The same goes for the farming methods he employs and the importance to him of organic farming. “The way in which the environment is being destroyed for food is terrible. The earth’s gonna keep going, whether we’re here or not, you’ve got to do the right thing: respect the soil, respect the environment, learn how to work with nature and not against it. It’s a question of what’s wrong and right. It’s just what I do.” There’s no herbicides or insecticides used in organic farming at Moonacres, the crops are weeded by hand, and all nutrition for the plants are composted from organic materials.  There’s also another side of organic farming often overlooked: the record keeping overlaying the entire process that shows that each plant in the ground has been kept organic the entire way and has a paper trail to reflect it. As we walked through some of the crops there were a huge amount of sorrell that had been destroyed by some wallabies that got a taste for it…the new trialed crops, the older more established crops, some successful, others not, the regeneration of the soil the record keeping and the hard manual labour that goes with it: this is organic farming.

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Having made the move for our own family, albeit on a much smaller scale, and knowing the importance of the move to me and our own family, I asked Phil about the difference of his life now, to what it was before. Choking back the tears he said “On a personal level the best part is that I get to have dinner with my family every night. Nothing else matters other than that.” And knowing exactly what he meant, and having a piece of Moonacres produce on our own dinner table at night, well, I feel very lucky indeed.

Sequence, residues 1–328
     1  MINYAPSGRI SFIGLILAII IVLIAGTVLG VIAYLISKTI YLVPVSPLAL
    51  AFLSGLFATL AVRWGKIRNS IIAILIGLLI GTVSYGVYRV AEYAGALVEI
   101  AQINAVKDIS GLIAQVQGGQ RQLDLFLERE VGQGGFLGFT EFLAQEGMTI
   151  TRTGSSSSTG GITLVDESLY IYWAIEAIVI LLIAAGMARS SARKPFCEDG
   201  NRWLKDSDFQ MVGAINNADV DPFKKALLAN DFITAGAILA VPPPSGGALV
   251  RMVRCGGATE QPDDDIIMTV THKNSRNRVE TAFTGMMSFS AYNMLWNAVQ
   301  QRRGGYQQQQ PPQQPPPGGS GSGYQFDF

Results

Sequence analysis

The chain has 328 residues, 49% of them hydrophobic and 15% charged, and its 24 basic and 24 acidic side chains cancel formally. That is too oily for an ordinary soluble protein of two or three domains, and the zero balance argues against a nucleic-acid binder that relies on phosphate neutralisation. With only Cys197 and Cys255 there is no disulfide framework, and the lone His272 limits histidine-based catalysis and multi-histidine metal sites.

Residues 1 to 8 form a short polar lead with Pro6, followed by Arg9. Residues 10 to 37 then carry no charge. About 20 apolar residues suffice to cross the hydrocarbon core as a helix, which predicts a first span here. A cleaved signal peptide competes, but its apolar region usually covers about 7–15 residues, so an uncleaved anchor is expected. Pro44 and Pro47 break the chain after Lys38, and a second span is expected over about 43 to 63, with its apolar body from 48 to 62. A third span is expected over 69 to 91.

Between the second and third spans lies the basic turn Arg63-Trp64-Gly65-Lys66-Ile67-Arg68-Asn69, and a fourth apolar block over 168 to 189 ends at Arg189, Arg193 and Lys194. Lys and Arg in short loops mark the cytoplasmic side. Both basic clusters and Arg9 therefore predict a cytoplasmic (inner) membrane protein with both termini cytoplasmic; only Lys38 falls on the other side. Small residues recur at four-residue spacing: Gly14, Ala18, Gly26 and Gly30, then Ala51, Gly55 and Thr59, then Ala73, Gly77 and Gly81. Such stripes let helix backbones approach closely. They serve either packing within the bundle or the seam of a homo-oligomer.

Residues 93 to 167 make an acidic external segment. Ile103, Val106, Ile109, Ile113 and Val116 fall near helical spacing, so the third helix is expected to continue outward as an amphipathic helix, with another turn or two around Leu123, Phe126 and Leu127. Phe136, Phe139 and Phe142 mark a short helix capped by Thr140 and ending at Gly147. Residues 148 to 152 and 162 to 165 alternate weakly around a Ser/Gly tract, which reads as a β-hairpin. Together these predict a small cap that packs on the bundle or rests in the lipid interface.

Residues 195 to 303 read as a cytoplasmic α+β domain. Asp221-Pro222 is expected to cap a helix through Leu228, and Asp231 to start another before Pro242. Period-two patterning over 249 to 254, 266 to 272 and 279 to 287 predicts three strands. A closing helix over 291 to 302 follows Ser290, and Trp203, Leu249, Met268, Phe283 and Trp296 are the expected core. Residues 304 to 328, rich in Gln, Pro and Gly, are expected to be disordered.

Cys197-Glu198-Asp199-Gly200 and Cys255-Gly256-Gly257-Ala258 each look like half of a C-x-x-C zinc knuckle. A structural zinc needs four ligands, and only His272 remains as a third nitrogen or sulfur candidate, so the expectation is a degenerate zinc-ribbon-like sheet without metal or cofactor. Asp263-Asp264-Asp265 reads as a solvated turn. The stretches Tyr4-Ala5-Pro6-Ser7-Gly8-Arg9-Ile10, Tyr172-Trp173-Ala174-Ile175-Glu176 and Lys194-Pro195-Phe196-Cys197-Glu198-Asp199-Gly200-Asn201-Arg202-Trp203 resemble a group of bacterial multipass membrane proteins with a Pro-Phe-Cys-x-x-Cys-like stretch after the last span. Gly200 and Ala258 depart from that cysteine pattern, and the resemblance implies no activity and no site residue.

MAN ON THE MOON – FOR BEVERLEY MAGAZINE from Rob Macdonald on Vimeo.

Dhimbalee organic produce delivers locally to the Southern Highlands.

Moonacres produce can be found at the following Farmers Markets:
Every Wednesday and Saturday at EQ Village Markets – 8am-2pm
2nd Saturday of the month at North Sydney Markets – 8am-12noon Miller St, between council chambers and Stanton Library
2nd Sunday of the month at Robertson School of Arts Hall, Robertson NSW, 8am-2pm
3rd Saturday of the Month at North Sydney Produce Market, 8am-12noon, Miller St, between council chambers and Stanton Library
4th Saturday of the Month, Moss Vale Farmers Markets, Moss Vale Showground 8am-12noon


  1. GourmetGirlfriend says

    all of this makes me very happy indeed

  2. Very jealous… as I listen to the 339 bus rumble by.. again and again!! And I have just had to fight for a park at the supermarket to buy my apples.

  3. Lisa Mckenzie says

    This is lovely Beth a really feel good post thank you x

  4. Not sure what radioactive fruit n veg I am feeding my kiddies here in Moscow, or if eventually they will glow in the dark from the water they drink, but someday….I hope to have access to a wonderful place like Moonacres. Enjoy every bite 🙂

  5. Lisa Aherne says

    Where is EQ VIllage market?

  6. Oh Beth….this was so good! I was just looking for a website or something for Phil’s farms and this old post of yours is what popped up. I LOVE it, especially Rob’s movie of Phil. We are pretty lucky eh? Xx